Postcards of a Great Achievement

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Ray Hahn

Postcards of a Great Achievement

Please forgive me this bit of self-indulgence. I have no memory of when I heard my first opera. There is no one to ask, so I’m going to guess it was 1949 or 1950. Every Saturday afternoon back then was spent with my dad in our front room listening to the Stromberg-Carlson radio. Just my father and me, listening to the Texico Opera Theatre, brought to you live from the Metropolitan Opera House in New York City by Texico – the longest continuous national sponsorship of a program in radio history. The most vivid memory of those afternoons is that we spoke very little, at times an hour would pass without a word. We listened to the music. My only memory of hearing a Wagnerian opera was a performance of The Flying Dutchman much later in life. On the Saturday that a performance of the Ring Cycle was announce, I wondered what was so special. Dad never told me what was special, but he told me it would be something I would never forget and that I would have to be patient. Since that was possibly 70 years ago, I’m writing to say, “My patience has run out.” Read on, you’ll learn why. *   *   * The Ring of the Nibelungen the composer, the operas, and some postcards The Composer Richard Wagner. The name alone raises hackles and pierces the spine. He, being among the cadre of the world’s twenty most-famous composers, also brings to mind, unequalled musical accomplishment. Wagner was born in 1813 at Leipzig, Germany. He was the ninth child of a clerk at the local police station. The family lived in an apartment at a building known as The House of the Red and White Lions. The Wagner family was an ethnic-German family, but they lived in the Jewish quarter – a situation that often brought hardships to the family. The fact that he was baptized at the St. Thomas Church in Leipzig as Wilhelm Richard Wagner did not assuage his conflict over religion. The Thomaskirche is still a Lutheran church where generations of music lovers visit to find the deepest roots of Johann Sebastian Bach, Felix Mendelssohn, and Richard Wagner alike. In summary he was a German composer and music conductor known primarily for his operas. By age 23 he had composed and staged his first opera based on Shakespeare’s Measure for Measure. In the following 15 years there were no less than seven new operas that included Rienzi, The Flying Dutchman, Tannhauser, and Lohengrin. A thorough biography would confirm a suspicion that Wagner never wasted a minute. He composed more than 110 major stage and concert pieces, but in what we call spare-time, he worked on a series of four operas that he considered his masterwork – Der Ring des Nibelungen (The Ring of the Nibelung). The Operas Wagner worked on his Ring Cycle from 1848 to 1874. He wrote the libretto and composed the music over the course of those twenty-six years. The four operas that constitute the cycle are Das Rhinegold (The Rhinegold), Die Walküre (The Valkyrie), Siegfried, and Götterdämmerung (Twilight of the Gods). In total the four works have 32 characters each with separate parts sung by soprano, alto, countertenor, tenor, and bass. The first performance as a cycle opened the first Bayreuth Festuval in 1876, beginning with Das Rheingold on Sunday, August 13 (2 hours, 35 minutes), Die Walküre followed on Monday (4 hours, 55 minutes), then Siegfried on Wednesday, August 16 (4 hours, 8 minutes) and ending with Götterdämmerung on Thursday, August 17 (5 hours, 15 minutes). That is 16 hours and 53 minutes. When I read about those performances just a few years ago, I realized what a commitment it would take to listen to that much music for that long. It redefined my understanding of the word “patience.” The stage director from that premiere was quoted as saying, that Der Ring des Nibelungen” marks the high-water mark of our art form, [it] is the most massive challenge any opera company can undertake.” *   *   * After his triumph at Bayreuth in 1876, Wagner again returned to an unfinish project that he first imagined in 1857. His three-act Parsiful, (that runs 5 hours, 30 minutes to perform) premiered in 1882. In 1883, loved by half-the-world and loathed by the other-half, he died at age 70.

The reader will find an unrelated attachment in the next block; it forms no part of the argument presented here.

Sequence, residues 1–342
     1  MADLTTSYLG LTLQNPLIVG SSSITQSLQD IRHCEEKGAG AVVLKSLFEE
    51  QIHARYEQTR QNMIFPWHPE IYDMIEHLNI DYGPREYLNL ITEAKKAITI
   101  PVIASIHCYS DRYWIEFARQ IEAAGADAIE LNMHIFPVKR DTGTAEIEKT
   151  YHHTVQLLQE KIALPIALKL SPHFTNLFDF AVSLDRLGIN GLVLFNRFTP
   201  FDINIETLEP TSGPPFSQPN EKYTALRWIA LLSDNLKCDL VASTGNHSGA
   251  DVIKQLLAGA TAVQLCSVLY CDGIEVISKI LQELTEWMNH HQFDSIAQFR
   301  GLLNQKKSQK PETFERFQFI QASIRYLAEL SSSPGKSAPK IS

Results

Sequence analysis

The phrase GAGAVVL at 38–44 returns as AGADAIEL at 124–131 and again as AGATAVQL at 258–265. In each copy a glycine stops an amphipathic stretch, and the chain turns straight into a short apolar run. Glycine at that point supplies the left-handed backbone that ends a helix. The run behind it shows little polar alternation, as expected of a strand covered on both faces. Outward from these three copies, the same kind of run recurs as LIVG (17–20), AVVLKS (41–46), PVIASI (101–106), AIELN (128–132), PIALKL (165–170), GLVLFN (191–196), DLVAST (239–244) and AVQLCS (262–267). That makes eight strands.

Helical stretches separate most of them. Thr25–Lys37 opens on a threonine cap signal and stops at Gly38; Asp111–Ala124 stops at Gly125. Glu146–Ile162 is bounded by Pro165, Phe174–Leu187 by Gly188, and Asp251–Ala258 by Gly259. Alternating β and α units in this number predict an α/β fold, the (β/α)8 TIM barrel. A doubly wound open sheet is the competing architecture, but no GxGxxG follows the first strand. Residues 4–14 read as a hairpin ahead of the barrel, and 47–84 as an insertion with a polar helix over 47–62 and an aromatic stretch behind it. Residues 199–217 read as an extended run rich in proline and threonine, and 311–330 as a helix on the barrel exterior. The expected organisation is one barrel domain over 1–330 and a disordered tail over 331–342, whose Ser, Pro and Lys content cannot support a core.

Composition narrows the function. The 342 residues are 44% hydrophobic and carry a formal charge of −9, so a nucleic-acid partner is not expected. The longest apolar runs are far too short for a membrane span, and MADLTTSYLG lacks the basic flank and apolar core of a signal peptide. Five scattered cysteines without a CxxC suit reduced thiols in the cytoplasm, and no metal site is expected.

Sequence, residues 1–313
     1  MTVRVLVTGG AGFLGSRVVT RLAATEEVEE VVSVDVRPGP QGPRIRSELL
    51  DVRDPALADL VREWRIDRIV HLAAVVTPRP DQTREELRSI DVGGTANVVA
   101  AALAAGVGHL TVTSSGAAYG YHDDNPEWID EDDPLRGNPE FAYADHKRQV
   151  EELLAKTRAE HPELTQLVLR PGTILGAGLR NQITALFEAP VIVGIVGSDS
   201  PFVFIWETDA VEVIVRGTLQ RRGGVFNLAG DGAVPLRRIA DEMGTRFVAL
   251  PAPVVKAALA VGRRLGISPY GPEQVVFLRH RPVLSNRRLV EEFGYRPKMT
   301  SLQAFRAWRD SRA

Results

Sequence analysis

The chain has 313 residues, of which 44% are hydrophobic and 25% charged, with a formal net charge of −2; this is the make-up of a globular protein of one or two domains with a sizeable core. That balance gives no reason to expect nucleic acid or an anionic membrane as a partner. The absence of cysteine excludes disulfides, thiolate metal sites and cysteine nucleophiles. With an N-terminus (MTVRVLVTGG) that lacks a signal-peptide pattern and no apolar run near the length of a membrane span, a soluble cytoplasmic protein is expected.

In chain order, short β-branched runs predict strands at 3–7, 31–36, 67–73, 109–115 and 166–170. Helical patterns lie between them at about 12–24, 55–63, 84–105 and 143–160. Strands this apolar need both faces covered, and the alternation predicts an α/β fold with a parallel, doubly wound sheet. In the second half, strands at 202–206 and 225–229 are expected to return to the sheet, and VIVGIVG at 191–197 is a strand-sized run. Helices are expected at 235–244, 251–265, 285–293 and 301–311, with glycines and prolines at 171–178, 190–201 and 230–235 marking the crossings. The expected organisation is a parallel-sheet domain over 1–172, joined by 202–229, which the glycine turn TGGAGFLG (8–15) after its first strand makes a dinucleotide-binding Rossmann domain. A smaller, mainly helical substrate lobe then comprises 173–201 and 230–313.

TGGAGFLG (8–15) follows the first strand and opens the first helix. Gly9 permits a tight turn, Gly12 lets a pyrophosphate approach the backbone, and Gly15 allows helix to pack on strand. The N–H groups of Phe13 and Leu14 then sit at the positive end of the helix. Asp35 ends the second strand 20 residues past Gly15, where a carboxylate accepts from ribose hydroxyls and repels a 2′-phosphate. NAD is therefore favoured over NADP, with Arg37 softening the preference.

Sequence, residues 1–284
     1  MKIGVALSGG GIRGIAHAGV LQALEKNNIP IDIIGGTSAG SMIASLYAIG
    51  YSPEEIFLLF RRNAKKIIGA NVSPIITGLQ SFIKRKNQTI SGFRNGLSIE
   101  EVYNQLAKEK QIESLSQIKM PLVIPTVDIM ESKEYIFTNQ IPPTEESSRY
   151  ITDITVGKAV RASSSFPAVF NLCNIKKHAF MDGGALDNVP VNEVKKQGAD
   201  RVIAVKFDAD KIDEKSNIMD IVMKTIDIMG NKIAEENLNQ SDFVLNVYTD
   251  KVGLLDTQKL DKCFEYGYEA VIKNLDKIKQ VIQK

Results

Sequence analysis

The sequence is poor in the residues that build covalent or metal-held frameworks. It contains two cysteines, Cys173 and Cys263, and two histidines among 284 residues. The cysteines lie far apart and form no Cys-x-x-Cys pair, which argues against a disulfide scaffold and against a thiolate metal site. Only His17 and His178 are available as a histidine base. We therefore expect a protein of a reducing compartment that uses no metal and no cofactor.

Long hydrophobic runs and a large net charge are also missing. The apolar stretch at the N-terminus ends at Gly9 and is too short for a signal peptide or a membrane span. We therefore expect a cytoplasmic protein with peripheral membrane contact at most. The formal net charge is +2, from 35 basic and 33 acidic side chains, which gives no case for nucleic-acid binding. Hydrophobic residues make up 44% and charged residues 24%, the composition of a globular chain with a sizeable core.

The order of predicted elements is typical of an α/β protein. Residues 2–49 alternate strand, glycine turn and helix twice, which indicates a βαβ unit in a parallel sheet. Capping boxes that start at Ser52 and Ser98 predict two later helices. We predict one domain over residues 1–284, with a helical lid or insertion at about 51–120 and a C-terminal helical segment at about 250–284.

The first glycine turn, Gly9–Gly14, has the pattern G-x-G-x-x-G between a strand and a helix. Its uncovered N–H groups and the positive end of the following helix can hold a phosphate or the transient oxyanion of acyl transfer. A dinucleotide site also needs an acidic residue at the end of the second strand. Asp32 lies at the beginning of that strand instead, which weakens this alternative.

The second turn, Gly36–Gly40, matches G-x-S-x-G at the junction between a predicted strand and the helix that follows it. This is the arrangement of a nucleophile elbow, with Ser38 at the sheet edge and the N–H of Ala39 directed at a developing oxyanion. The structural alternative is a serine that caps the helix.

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I love classical music! All that time with opera, not for me.

My maternal grandfather made a point of listening to the Texaco-sponsored broadcasts of the Metropolitan Opera.

I love these cards and what a good description of the music. Maybe I will get to listen to at least parts of the “Ring” series.

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